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Unchecked Low-Level Calls

Unchecked low-level calls are a common source of vulnerabilities in smart contract development. These calls include call(), delegatecall(), staticcall(), and send(), which do not revert the transaction when they fail but instead return a boolean false. Failing to check these return values can lead to critical security issues.

The send() function in Ethereum is notoriously unreliable for transferring ether due to its strict gas limit of 2300. This limitation means that if the fallback function of the receiving address requires more gas than this allowance, the send() operation will not succeed. This limitation can lead to dangerous vulnerabilities if not properly managed.

A notable example of this was the "King of Ether" game, which became infamous in 2016. The game was designed to crown the player who paid the most as the "King," transferring the title and associated ether to each new top payer. However, due to the restrictive gas limit of the send() function, the contract failed to transfer ether correctly when the recipients had complex fallback functions requiring more than 2300 gas. As a result, some participants did not receive their due payments, leading to significant financial losses. The incident highlights the critical importance of handling ether transactions with care in smart contracts.

For an in-depth analysis of what went wrong and the lessons learned, you can review the detailed King of Ether postmortem.

Example of a Vulnerable Contract

Here is a simple bank contract that includes functions to deposit and withdraw Ethereum, it involves operations that are vulnerable to attacks due to unchecked low-level call:

  • accountBalances: Records the Ethereum balances of all users.

  • depositFunds(): Users can deposit ETH into the contract through this function.

  • withdrawFunds(): This function allows users to withdraw their entire balance from the contract. It first checks if the user's balance is greater than zero, then attempts to send the corresponding amount of ETH to the user's address. If the send() call fails, the user's balance will become zero.

  • checkContractBalance(): It simply returns the balance of the contract address.

contract SimpleBank {
mapping (address => uint256) public accountBalances; // User balances

// Deposit and update balance
function depositFunds() external payable {
accountBalances[msg.sender] += msg.value;

// Withdraw all balance
function withdrawFunds() external {
uint256 balance = accountBalances[msg.sender];
require(balance > 0, "Insufficient balance");
accountBalances[msg.sender] = 0;
// Unchecked low-level call
bool transactionSuccess = payable(msg.sender).send(balance);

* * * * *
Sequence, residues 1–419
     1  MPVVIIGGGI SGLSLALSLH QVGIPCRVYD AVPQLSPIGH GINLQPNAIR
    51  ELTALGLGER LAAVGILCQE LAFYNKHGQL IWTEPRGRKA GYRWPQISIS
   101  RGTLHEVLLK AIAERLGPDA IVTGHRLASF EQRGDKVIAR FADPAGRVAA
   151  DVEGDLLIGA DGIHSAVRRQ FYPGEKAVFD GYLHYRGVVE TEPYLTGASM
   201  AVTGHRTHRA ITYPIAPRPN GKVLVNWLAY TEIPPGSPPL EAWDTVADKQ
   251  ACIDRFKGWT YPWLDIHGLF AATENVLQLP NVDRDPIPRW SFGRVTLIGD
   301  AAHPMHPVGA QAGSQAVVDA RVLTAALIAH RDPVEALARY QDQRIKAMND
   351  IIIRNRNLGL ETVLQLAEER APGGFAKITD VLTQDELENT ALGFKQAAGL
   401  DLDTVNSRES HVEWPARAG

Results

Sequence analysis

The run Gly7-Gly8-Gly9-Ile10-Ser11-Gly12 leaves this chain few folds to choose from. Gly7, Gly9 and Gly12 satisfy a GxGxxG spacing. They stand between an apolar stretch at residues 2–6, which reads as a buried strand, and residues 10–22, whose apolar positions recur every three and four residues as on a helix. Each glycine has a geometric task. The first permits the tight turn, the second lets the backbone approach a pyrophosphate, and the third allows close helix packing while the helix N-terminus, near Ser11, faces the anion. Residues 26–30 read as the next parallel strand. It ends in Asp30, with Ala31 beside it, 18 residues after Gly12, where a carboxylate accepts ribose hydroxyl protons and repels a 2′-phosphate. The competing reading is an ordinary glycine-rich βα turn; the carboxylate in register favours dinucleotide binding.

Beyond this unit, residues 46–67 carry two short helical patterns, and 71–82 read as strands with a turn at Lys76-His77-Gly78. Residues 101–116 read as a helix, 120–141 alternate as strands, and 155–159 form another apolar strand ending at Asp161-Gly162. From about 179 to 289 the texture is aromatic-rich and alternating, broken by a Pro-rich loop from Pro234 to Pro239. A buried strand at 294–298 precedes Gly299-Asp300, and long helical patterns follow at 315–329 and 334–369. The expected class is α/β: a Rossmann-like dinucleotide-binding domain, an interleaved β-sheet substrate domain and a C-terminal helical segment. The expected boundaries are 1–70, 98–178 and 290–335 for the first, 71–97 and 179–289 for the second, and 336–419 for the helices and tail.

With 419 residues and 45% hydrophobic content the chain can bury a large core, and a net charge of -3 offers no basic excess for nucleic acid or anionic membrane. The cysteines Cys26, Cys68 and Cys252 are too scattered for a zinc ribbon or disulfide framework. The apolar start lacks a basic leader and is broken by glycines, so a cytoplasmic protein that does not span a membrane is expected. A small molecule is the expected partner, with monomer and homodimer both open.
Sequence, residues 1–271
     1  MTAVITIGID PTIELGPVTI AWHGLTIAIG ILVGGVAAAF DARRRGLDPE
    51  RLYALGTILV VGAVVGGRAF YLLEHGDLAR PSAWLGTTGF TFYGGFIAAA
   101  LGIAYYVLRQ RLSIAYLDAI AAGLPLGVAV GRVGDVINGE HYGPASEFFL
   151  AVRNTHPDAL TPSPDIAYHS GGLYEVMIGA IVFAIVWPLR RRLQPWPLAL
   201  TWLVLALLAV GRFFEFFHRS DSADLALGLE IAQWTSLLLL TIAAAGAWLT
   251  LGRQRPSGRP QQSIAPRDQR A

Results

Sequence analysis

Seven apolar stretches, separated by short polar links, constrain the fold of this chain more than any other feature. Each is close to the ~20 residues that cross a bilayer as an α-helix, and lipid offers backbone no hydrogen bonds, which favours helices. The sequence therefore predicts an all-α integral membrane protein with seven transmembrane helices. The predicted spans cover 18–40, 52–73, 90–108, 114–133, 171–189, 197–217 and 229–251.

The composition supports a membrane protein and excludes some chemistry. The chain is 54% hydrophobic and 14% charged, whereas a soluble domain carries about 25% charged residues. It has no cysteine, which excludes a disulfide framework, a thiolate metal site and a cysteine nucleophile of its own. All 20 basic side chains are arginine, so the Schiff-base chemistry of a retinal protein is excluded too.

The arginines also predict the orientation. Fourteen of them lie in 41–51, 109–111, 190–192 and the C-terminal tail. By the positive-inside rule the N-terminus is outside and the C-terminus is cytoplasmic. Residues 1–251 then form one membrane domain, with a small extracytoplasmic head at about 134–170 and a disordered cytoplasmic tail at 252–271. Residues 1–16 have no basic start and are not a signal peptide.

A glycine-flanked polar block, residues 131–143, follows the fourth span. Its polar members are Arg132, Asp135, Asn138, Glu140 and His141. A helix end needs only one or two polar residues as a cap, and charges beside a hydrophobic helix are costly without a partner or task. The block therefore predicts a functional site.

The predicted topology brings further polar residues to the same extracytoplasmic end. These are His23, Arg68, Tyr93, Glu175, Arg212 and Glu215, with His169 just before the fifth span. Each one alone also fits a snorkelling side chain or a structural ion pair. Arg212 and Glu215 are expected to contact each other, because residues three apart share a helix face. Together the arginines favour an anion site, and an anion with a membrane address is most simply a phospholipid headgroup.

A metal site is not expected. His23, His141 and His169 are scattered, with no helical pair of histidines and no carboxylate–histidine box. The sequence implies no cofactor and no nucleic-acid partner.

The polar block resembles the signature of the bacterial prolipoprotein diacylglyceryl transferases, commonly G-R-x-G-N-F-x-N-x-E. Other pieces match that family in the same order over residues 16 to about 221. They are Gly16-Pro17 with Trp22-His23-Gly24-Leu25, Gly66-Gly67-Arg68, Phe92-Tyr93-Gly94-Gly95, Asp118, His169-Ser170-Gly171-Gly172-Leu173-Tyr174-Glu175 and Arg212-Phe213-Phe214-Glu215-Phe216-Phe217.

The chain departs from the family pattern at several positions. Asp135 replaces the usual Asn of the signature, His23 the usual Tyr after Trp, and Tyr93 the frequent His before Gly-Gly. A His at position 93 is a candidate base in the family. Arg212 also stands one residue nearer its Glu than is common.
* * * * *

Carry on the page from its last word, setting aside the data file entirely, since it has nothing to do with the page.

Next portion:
// Check contract balance
function checkContractBalance() external view returns (uint256) {
return address(this).balance;

Example of a malicious contract designed to simulate a scenario where a withdrawal fails but the user's balance is cleared:

contract Exploit {
SimpleBank public targetBank; // Stores the address of the target bank contract

// Constructor to initialize the target bank contract address
constructor(SimpleBank _targetBank) {
targetBank = _targetBank;

// Fallback function to ensure failure upon receiving ETH
receive() external payable {
revert("ETH reception is disabled."); // Throws an exception to block ETH reception

// Deposit function allowing users to send ETH to the target bank contract
function performDeposit() external payable {
targetBank.depositFunds{value: msg.value}(); // Deposits the sent ETH into the bank

// Withdrawal function to attempt to extract all deposits from the bank contract
function performWithdrawal() external payable {
targetBank.withdrawFunds(); // Calls the bank contract's withdrawal function

// Function to check the balance of this exploit contract
function checkContractBalance() external view returns (uint256) {
return address(this).balance; // Returns the current ETH balance of the contract account

Unchecked low-level calls can lead to unstable and insecure contract behavior. By implementing strict checks and using verified libraries for handling funds, developers can significantly reduce risks.

Prevention Measures

To avoid such vulnerabilities, consider the following measures:

  1. Mandate Return Value Checks: It is imperative to consistently verify the return values of send() and call(). Ignoring these can lead to undetected failures that jeopardize contract integrity and user funds.

  2. Prioritize Safer Transaction Methods: Always prefer the call() method over send() for ether transactions. call() allows for greater gas flexibility and should be used with robust safeguards such as reentrancy guards to prevent common attack vectors like reentry attacks.

  3. Implement Reputable Utility Libraries: Use well-tested libraries such as OpenZeppelin’s Address library (It wraps a low-level call to check the return value.) to manage low-level calls safely. These libraries provide enhanced security features that handle edge cases and exceptions, ensuring that even if errors occur, they are managed securely and predictably.